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Comments on Robert Gordon and Joel Mokyr “The long-term future of productivity? The state of the debate”, Jonathan Haskel
Comments on Robert Gordon and Joel Mokyr “The long-term future of productivity? The state of the debate”
Imperial College Business School, CEPR, IZA
Joint OECD-NBER Conference on Productivity Growth and Innovation in the Long Run, OECD Paris, 25-26 September 2014
Productivity growth: a case study
•How to think about productivity growth in this process
–Measurement: four wheels are changed, but have to adjust for quality (here, speed). Lessons for ICT, including C (Corrado, 2011), service sector productivity
–Capital deepening: not just the compressed air spanners, but also ICT
–Labour quality: education of the team
–TFP/knowledge/intangible capital deepening: Teamwork
•How to think about productivity growth in this industry
–Highly capital intensive (tangible and intangible), complementary to ICT via TV rights.
–Car racing tastes crosses cultural boundaries
–Globalisation & cheap communications => scale => increased earnings for scarce factors (drivers, owners of rights) => inequality Haskel, Lawrence, Leamer, Slaughter (2013)
•Productivity in other industries
–Spillovers into health
•So: three elements to RJG story
–So output per person can be slowed by slowdown in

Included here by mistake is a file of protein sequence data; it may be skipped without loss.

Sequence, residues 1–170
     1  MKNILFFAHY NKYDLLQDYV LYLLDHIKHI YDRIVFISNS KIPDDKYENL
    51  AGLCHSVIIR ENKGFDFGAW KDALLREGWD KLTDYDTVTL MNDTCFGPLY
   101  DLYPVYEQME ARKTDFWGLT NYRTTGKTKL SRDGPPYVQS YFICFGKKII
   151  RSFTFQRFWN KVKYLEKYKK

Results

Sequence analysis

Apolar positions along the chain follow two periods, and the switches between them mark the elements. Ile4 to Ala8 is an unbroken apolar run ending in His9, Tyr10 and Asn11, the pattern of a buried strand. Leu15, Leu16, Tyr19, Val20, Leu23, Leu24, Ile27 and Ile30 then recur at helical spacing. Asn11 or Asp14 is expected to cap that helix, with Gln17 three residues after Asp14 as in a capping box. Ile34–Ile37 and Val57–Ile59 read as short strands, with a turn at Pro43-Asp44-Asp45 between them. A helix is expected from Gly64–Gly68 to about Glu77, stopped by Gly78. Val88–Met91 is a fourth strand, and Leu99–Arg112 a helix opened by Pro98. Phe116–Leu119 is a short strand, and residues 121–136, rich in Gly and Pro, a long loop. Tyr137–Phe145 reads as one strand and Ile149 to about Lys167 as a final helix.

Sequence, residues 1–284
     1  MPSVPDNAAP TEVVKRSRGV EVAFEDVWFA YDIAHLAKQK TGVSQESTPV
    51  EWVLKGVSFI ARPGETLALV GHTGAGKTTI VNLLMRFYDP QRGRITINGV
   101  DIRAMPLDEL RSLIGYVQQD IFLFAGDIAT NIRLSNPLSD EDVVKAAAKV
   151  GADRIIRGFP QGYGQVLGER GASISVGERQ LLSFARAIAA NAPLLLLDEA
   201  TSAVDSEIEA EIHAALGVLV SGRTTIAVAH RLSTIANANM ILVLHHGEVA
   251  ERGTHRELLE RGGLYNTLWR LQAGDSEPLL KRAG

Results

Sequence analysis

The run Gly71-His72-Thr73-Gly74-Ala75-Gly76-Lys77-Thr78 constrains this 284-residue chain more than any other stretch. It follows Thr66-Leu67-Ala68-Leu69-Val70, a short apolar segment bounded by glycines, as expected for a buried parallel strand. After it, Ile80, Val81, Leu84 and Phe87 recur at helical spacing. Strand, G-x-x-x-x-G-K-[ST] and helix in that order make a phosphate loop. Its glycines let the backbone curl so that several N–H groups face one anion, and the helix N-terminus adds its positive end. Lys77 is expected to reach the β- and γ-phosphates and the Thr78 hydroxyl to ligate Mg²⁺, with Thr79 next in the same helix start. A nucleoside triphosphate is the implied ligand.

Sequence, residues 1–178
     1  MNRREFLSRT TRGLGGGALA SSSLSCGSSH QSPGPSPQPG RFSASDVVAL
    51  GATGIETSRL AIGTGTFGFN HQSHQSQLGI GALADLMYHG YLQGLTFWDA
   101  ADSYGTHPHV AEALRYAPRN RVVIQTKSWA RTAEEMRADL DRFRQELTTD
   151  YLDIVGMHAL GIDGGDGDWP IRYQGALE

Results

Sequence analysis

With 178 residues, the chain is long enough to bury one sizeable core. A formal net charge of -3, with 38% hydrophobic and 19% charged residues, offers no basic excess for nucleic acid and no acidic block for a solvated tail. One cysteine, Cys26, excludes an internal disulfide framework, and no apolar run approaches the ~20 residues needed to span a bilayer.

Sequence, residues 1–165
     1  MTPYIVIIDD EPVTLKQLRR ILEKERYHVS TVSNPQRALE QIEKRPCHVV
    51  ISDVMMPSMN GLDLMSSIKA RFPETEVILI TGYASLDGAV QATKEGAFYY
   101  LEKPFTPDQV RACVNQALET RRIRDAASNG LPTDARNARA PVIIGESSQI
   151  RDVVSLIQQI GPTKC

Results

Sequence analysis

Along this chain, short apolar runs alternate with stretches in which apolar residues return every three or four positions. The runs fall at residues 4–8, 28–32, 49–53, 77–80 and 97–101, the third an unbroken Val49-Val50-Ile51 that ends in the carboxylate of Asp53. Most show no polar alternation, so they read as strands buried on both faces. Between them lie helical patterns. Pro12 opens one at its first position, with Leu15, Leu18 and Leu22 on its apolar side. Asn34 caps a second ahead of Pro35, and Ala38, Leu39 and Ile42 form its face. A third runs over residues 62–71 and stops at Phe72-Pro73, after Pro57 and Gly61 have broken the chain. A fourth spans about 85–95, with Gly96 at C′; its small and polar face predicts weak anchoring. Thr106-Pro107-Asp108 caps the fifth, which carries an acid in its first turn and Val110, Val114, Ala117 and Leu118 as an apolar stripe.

•productivity (labour quality, capital deepening, technical change)
•Lab force participation (women, part-time work, sickness, discouraged workers)
–and then consumption depends on incomes net of debt repayments, which in turn depends upon
•inequality => might be no income rise for most of population, and a no rise in consumption
•Debt => less scope for consumption
•The three elements
–Labour force participation
–Inequality/debt productivitylabour force participation, working hoursoutput output hours worked personhour workedperson
•Can we see some of Bob’s concerns in this 1950s picture? The US economy in 1950
–Labour force participation
•Low unemployment/discouraged worker, female participation
•Income inequality and debt would be less: so consumption would grow
•Young workforce with high participation
•Labour quality to improve: graduation from high school/ college?
•ICT revolution to come
•RJG US slowdown is from 2%pa to 0.5%pa.
–Due to debt/inequality = 0.7%pa
–Due to labour quality & demography= 0.2%pa and 0.3%pa
–Due to technical change (includes post 72 slowdown =0.6%)
–Applies to other countries?
–Scope for other countries to catch up to US
•Labour quality slowing
–Long term unemployed/discouraged workers: scope for policy?
–Quality of education/graduation rates
•Scope for policy: Fryer/Angrist/Lavy on incentives?
•Long-term technical progress
–Has the ICT revolution played out?
•schools and higher education?
•Is Moore’s law slowing? Byrne, Oliner, Sichel, 2014
•Gains in ICT as capital deepening/TFP in the discovery process
•Syverson , 2013
–Is the IP system fit for purpose?
Is the price decline of microprocessors slowing?
Source: Byrne, Oliner, Sichel, 2014
General purpose technologies and productivity
Source: Syverson , 2013
Source: WSJ, June 2014, Economists Debate and RJG